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Nobrow 9: it's Oh So Quiet: Nobrow Magazine
Nobrow 9: it's Oh So Quiet: Nobrow Magazine
by Sam Arthur
Edition: Paperback
Price: £13.49

5.0 out of 5 stars Shhhhh....., 29 Nov. 2014
Another sumptuous anthology of illustration and comic art, this one has a very distinct feel with its 'quiet' colour palette of magenta, cyan and yellow. Jon McNaught is the perfect choice to carry the edition, with cover art and a sublime comic entry as we've come to expect. All the comic strips are 4 pages (two spreads) however the illustrations are particularly strong in this one.


The Dead Sea Scrolls: A Very Short Introduction (Very Short Introductions)
The Dead Sea Scrolls: A Very Short Introduction (Very Short Introductions)
by Timothy Lim
Edition: Paperback
Price: £4.99

3 of 4 people found the following review helpful
3.0 out of 5 stars Informative, 5 Jan. 2011
This is a fact-heavy account of the circumstances surrounding the Dead Sea Scrolls, the ancient manuscripts discovered in caves near Khirbet Qumran that went on to become something of a cultural icon. I found the book informative, but if I'm being honest, a little on the dry side. There's an awful lot of information crammed in here, much of it concerning what we can gather about the Qumran community. Also a lot on how the scrolls have contributed to our understanding of the Hebrew Bible, Second Temple Judaism and early Christianity. No doubt the media-driven mystique of the topic led me to unreasonably high expectations, but unfortunately the subject didn't capture my interest as much as I thought it would. On a positive note, I approached this book not quite knowing what the Dead Sea scrolls actually were, and Timothy Lim certainly cleared it up for me, dispelling the myths and explaining their importance to archaeologists and researchers of ancient Judaism/early Christianity. In that respect, job done.


Philosophy of Science: A Very Short Introduction (Very Short Introductions)
Philosophy of Science: A Very Short Introduction (Very Short Introductions)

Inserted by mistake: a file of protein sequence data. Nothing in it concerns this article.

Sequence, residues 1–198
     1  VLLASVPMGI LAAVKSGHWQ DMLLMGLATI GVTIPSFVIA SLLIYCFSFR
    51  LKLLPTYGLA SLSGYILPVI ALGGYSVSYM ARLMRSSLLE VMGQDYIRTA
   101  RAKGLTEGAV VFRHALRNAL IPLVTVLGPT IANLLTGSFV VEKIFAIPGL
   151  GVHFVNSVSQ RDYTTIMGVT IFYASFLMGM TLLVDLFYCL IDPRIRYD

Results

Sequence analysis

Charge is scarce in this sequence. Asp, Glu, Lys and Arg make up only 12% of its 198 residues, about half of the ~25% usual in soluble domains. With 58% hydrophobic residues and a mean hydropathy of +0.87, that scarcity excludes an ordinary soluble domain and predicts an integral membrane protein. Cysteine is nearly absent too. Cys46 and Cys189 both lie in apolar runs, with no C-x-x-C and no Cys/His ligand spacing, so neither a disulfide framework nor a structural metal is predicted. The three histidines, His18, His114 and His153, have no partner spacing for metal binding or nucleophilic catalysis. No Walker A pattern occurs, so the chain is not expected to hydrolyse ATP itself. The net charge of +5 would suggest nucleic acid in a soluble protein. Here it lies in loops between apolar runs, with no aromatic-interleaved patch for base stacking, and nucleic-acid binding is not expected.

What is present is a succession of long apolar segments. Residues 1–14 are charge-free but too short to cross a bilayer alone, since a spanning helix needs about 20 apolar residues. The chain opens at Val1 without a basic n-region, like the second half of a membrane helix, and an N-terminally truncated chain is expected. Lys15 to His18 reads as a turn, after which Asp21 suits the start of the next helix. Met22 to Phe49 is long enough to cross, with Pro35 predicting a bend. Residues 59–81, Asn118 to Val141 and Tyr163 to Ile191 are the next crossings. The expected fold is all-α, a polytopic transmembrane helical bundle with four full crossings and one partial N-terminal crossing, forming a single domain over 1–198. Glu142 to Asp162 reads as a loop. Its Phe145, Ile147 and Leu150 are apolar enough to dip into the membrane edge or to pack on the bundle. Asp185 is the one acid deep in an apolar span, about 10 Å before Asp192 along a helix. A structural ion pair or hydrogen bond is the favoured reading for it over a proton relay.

by Samir Okasha
Edition: Paperback
Price: £4.99

1 of 1 people found the following review helpful
5.0 out of 5 stars An excellent introduction - informative, balanced and accessible, 5 Jan. 2011
A book of this size will never do justice to such an extensive subject as the philosophy of science - but what this covers, it does so extremely well, thanks largely to the author's clear writing and a good choice of subjects.

The fundamentals of induction, explanation, realism and scientific change are all explained intelligibly, arguments are presented with corresponding counterarguments, and where necessary, topics are introduced with the right amount of background information - for example, the debate between scientific realism and anti-realism begins with a summary of the older, more metaphysical debate between realism and idealism; the chapter on scientific reasoning begins with an exploration of the difference between inductive and deductive reasoning, and so on.

A chapter on scientific change and the nature of scientific revolutions is particularly enjoyable, introducing the logical positivists and Kuhn's view of science. Another chapter explores some of the more notorious philosophical problems within science, such as the concept of absolute space and the dilemma of biological classification. The final chapter is devoted to a much-needed discussion of the various criticisms often aimed at science, including that old chestnut, scientism.

Overall I found this to be an introduction worthy of the name - it was informative, challenging and kept my interest throughout. Suitable for anyone interested in philosophy or indeed any branch of science.


Mathematics: A Very Short Introduction (Very Short Introductions)
Mathematics: A Very Short Introduction (Very Short Introductions)
by Timothy Gowers
Edition: Paperback
Price: £4.99

2 of 3 people found the following review helpful
5.0 out of 5 stars A good take on the subject, 5 Jan. 2011
It's well known that some concepts in mathematics can be utterly mind-bending - concepts such as curved space, higher dimensional geometry, infinity, and more besides. To be able to work with any of these, you often need to let go of the urge to visualise something and instead settle for merely conceptualising it. You need, in other words, to feel comfortable thinking in a thoroughly abstract way. This book is an introduction to that way of thinking. It's not one of those books that joyously recaps all the rules and syntax you'd forgotten since leaving school. Rather, its aim is simply to give you the means to grapple with core aspects of advanced mathematics.